The National Pharmaceutical Pricing Authority under the department of Pharmaceuticals capped the prices of orthopaedic implants. Patients requiring knee implants have much to rejoice as such implants will now cost the 70% less than before.
The NPPA, in an extensive order issued today capped the prices of the cobalt chromium complete knee implant kit at Rs 54,720 plus tax, a 65% reduction from the Rs 1,58,324 patients were shelling out before the price order. The order caps prices of implants classified under four categories, cobalt chromium priced at Rs 76600, Special metals like Titanium and Oxidised Zirconium at Rs 56490 and Highly flexible implants and revision implants for second surgery which is priced at Rs 1,13,950 plus tax.
This was the second medical device to be put under price control since prices of cardiac stents were capped in February this year. Unlike cardiac stents, the prices of which was controlled after including it in schedule 1 of the DPCO, knee implants were put under price control through para 19 of the order. This means that though the government notified orthopaedic implants as drugs, it did not include it in the national list of essential medicines. Instead, para 19 of the order was authorises authorizes the Government, “in extraordinary circumstances, if it considers necessary so to do in public interest, to fix the ceiling price or retail price of any drug for such period, as it deems fit.”
The order issued by the NPPA states,” It is noticed that orthopedic-knee implants are having unjustified, unreasonable and irrational high trade margins leading to their exorbitant prices which affects the out of pocket expenses of patients and lakhs of patients are not able to pay for arthroplasty procedures because of these exorbitant prices and suffering in pain.”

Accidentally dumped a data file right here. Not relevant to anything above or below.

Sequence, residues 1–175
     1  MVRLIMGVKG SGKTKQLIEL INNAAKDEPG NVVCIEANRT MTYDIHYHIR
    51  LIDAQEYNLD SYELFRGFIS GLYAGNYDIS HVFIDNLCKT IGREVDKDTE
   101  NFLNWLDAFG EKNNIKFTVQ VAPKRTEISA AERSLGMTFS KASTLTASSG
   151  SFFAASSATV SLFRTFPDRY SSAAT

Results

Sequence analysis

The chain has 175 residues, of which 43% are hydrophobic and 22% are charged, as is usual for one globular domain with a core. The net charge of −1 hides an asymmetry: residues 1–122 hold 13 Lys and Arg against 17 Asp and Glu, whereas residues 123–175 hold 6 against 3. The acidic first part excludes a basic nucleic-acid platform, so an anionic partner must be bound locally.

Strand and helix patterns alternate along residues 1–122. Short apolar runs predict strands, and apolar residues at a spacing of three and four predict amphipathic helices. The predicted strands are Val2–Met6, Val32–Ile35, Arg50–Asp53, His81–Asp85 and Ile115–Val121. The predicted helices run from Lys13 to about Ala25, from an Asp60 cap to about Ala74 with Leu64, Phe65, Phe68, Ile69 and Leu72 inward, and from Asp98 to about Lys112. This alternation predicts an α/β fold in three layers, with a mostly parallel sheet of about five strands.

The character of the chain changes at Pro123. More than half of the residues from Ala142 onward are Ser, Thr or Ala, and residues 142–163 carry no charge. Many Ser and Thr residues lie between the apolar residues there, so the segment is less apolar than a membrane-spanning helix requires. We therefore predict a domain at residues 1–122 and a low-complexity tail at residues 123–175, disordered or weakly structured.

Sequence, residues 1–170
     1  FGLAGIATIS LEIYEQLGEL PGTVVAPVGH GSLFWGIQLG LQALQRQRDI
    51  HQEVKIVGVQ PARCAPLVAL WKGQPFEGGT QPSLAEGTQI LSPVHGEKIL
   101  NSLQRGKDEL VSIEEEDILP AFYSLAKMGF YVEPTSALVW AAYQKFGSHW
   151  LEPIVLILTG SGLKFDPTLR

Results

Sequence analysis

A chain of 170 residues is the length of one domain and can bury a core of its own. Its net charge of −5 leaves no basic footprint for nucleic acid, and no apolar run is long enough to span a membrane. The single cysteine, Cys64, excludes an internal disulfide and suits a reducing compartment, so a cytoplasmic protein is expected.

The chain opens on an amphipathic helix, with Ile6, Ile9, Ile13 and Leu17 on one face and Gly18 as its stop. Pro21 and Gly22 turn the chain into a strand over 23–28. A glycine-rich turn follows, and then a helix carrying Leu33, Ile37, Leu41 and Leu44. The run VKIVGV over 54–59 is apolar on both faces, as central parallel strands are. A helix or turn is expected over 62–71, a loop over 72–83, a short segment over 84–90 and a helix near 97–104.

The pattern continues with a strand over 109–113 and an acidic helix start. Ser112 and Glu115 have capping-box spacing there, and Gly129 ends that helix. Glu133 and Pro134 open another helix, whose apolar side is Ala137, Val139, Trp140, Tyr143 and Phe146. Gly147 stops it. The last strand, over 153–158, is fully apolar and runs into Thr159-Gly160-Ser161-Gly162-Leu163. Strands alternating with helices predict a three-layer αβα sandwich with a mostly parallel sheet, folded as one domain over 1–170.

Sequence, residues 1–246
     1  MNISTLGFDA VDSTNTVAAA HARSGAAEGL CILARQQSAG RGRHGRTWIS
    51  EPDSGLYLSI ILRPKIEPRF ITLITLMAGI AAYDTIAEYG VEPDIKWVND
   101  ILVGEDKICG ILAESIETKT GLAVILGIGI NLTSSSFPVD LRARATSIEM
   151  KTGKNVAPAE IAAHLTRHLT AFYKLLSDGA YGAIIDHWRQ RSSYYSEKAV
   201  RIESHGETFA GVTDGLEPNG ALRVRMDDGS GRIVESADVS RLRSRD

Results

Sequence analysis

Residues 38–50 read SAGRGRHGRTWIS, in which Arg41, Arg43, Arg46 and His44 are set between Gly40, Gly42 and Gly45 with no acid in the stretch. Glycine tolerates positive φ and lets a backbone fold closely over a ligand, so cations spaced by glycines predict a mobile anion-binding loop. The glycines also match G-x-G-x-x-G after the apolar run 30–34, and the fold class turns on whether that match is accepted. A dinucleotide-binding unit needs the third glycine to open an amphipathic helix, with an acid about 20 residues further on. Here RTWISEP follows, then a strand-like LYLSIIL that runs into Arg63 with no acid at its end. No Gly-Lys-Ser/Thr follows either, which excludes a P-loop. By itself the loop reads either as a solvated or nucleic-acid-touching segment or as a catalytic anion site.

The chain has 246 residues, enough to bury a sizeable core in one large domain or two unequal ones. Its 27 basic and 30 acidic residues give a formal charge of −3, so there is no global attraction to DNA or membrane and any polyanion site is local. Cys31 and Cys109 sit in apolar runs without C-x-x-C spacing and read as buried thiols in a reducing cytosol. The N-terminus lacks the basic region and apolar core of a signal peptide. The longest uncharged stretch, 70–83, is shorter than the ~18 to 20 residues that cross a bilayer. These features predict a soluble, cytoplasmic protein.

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As per the WHO bulletin osteoarthritis is likely to become fourth leading cause of disability by year 2020. About 1.5 to 2 crore patients require orthopaedic implants every year. Out of these, only one lakh patients are in a position to pay for it.
The civil society welcomed the move as positive nad encouraging remains apprehensive about the pase of fixing prices of medical devices by government authorities. “ It is encouraging to hear that prices were fixed under para 19 instead of waiting for the DPCO to classify knee implants as an essential drug,” says Malini Aisola of the All India Drug Action Network. She adds, “This is still only the first step though. Prices of medical devices are high across the board. The government has already collected data on 19 other classes of devices. We would like to see the government fix prices on all other devices for which data was collected soon.”
According to Aisola, the prices of different types of implants also need to be studied further. “One needs to see how prices of devices have been fixed and what data the government may have used for fixing the prices since different materials are used for different devices. This also becomes important to understand patient outcome through the use of different devices,” she says.
While the move to cap orthopaedic implant prices shows a clear inclination of the NPPA to cap prices of medical implants, doing it on a case to case basis will take too long and will not benefit the public in the long run. The government needs to formulate a method to bring more devices under price control as soon as possible.
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